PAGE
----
Most every week I volunteer at our local humane society. When I started last spring, I expected to fall in love with every dog and cat I interacted with. To my great surprise, that just didn’t happen. Each animal has had their endearing characteristics, bringing hours of enjoyment to my life, but none has tugged at my heart in a way that I had anticipated.
Until this past week.
When I entered one of the cat rooms, I noticed this munchkin-sized grey kitty at the far end of the room. Her coat was sleek and she had adorable calico dots accenting her sweet face. She was wobbling from her hideaway space to the water dish. Immediately, I was smitten. The wobble got me. Yes, the wobble. I giggled to myself, thinking, “Oh, she looks like she’s enjoyed a few cocktails!” It was incredibly endearing. Having seen videos of kittens with benign neurological issues, I had a hunch it was something like that (as opposed to a vodka-spiked water dish). Still, it was the way she handled that wobble that I knew her personality was so much bigger than her pint-sized stature. Her confidence and spunk were large. From that very first impression, she had won me over, and nothing anyone could have said about her would have altered the tenderness I felt for her.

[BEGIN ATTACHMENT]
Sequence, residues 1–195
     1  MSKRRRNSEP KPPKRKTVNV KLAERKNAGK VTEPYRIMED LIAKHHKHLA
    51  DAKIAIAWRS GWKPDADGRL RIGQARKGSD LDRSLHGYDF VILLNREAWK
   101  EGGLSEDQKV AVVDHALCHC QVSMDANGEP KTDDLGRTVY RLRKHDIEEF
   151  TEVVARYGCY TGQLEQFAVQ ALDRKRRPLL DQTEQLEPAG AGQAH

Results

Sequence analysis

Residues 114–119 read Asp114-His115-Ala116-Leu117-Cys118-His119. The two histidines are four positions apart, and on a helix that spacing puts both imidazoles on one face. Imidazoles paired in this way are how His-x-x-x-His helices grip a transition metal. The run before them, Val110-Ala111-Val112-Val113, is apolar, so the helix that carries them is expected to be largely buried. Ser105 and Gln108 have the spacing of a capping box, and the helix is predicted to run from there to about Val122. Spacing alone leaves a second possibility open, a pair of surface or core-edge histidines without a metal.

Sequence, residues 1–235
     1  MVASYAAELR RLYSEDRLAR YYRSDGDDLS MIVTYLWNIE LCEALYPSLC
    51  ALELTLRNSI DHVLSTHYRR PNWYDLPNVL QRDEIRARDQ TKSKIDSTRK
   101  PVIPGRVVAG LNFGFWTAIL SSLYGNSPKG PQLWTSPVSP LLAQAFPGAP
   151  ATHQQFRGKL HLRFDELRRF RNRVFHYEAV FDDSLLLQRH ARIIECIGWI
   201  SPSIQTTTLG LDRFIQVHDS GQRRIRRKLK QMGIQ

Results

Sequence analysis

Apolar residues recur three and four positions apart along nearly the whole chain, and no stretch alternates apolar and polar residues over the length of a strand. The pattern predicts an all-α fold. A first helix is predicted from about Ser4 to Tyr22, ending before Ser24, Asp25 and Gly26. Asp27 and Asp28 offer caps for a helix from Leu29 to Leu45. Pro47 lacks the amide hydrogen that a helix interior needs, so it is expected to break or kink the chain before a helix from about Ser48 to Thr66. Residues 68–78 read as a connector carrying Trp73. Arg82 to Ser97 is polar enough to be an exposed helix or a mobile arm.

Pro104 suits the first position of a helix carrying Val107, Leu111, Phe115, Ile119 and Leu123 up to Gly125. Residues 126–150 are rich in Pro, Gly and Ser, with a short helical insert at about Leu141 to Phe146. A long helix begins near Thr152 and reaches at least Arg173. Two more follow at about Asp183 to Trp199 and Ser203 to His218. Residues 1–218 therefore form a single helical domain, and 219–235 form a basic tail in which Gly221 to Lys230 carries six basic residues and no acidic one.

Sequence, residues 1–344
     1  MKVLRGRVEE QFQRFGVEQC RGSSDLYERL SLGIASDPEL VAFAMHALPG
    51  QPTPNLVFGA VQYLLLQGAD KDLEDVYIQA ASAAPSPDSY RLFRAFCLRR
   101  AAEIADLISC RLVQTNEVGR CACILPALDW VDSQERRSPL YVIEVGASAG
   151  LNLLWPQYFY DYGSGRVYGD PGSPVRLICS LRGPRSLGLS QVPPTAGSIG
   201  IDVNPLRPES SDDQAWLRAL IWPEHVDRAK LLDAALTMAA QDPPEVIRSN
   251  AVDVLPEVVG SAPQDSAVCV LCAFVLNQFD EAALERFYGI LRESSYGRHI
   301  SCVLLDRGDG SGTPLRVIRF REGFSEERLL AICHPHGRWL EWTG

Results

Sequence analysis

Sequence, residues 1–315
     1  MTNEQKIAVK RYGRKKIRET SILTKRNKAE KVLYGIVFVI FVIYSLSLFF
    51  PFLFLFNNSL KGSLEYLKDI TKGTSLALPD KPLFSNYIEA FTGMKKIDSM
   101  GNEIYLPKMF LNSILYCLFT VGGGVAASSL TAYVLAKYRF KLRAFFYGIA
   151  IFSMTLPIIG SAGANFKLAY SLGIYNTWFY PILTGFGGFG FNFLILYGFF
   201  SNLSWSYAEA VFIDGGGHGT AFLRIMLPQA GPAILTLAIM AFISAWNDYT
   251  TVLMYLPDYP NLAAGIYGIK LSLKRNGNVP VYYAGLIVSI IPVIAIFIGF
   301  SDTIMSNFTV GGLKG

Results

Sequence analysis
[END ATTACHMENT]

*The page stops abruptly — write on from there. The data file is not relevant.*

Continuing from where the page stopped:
When we, as managers, are in the midst of a hiring process, the same thing can happen. We begin an interview with best intentions of objectively analyzing the candidate. Then something happens where a first impression binds us in some deep way. When we start to feel this sense of connection, chances are that all bets are off on any future objectivity in the process. We begin to mentally rationalize how the person will be the perfect fit and we lose sight of what the position requirements are. Instead of focusing on this person’s fit to the skills and traits, we are pulled off track to aspects about them that aren’t really critical to the success in the particular job.
My prevailing instincts were to swoop this little gem up and bring her home. But adoption decisions are like hiring decisions. The ramifications are huge if you get it wrong. To get it right, you need to stay clear on what the position requires and how the candidate fits in to those needs.
It’s ok to fall in love with a wobbly walk and charming calico dots. Just make sure you understand the whole picture, and are able and willing to provide long-term support to set the person up for success.